Review by Lord-Spencer

Reviewed: 10/06/16

Could have been better than Ducktales

The first thing I thought when I started playing QuackShot, a game starring Donald Duck and using the same title font as Ducktales, is whether the game will actually be as good as the NES Ducktales game.

It turned out that QuackShot could have been better, but it unfortunately lacked the ambition to be anything more than a technically good licensed platformer.

"Just before he died, King Garuzia hid his most prized possession in a secret location"

To set the game up, QuackShot begins with a few opening screens explaining how Donald found a treasure map in Uncle Scrooge's study, and decided to go find it himself. This set up works, because it it feels exactly like what Donald Duck would do, and as such he put himself in trouble along with his three nephews.

Until near the end, the titular character and his three nephews never interact, wasting an opportunity at trying (even if its going to fail) at any world building or just plain joking around.

I don't understand why a game that invested much on the license, then invested more on the design and animation of these characters, then proceeded to do nothing interesting with it beyond an initial set up. Compare that to the NES game, where in a weaker hardware Ducktales actually had dialogue with the three nephews and that pelican pilot.

Ultimately, beyond the rare use of Donald's rage super move, and a number character sprites, the game could have starred Daffy Duck and it wouldn't show a difference.

"Don't worry about us Uncle Donald, you don't need to give Pete the map"

Under the fact that this is just a licensed platformer is the realization that there is a very solid foundation to the game. QuackShot actually attempts to progress as Metroidvania game, but through multiple stages instead on one connected map.

Each stage is a linear affair, but sometimes you will need to visit other stages to get items and equipment that help you go forward. This means you can choose which stage to approach first, but you will need to quit at the middle of it and travel someplace else to get an item. It enhances the adventure feeling of the game, especially since you don't actually repeat any stage from the start.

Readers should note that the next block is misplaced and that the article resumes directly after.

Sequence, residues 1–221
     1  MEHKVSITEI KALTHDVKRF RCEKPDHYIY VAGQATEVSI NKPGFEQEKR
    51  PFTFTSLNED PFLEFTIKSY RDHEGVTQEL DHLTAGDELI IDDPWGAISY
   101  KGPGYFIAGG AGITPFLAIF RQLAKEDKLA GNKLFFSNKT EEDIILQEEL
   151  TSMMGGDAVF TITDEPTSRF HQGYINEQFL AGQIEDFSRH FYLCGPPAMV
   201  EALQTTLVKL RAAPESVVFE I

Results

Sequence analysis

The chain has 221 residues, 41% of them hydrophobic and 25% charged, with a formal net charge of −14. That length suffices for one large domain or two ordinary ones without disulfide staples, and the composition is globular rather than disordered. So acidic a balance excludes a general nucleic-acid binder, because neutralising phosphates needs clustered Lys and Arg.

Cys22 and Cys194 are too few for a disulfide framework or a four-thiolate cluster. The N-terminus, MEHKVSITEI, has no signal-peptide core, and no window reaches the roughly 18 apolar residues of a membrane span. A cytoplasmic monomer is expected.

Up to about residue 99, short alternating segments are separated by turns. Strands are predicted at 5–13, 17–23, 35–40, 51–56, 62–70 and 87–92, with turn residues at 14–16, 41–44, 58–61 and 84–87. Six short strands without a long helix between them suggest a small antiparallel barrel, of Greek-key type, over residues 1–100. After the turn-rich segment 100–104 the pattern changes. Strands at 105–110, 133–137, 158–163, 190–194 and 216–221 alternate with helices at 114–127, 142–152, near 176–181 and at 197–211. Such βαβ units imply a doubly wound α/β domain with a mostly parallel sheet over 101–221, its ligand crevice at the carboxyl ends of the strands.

Unfortunately, while this could have made for an adventurous game, the easy difficulty and short length of QuackShot makes this just a What If case. What if QuackShot actually had more stages and more depth and difficulty to its game?

Instead, we realize that we can finish this game in under three hours without dying once. Donald Duck can just waltz around with very little threat to his duck life. It makes it easier for him that in his actual comics, where everything from Bananas to Pot plants are out to get him.

"Donald and his nephews took off in their plane, leaving a furious Daisy behind"

As is usual with licensed games, the production value for QuackShot is great. Immediately, the smooth design of Donald's sprite and its crisp animation would impress you in comparison to other Genesis games.

By using larger sprites, the design team were able to put in a lot of character into their drawings by adding in more details and focusing on the animations. Even the idle animation of Donald has been given much care. Enemy sprites are not as interesting, owing to the fact the game doesn't use the license much, but they are still well detailed and animated.

In the background, the level graphics are good, especially the far drawings. In some levels, we see more advanced effects, such as water waves in the foreground.

Musically, its not as impressive as its graphics, but it has varied and fun tunes. Nothing stands out much, but it all adds to the presentation of the game.

In Conclusion:

Ducktales in the NES had a lot of ambition behind it, and as such it managed to become a classic. In many ways, QuackShot could have been the Ducktales of the Genesis, but it simply did not have the depth, and I would argue, the inclination to be more than a licensed game.

As a result, we have a good looking game that could have been much better than it ended up being.

Rating: 5

Product Release: QuackShot starring Donald Duck (US, 12/19/91)

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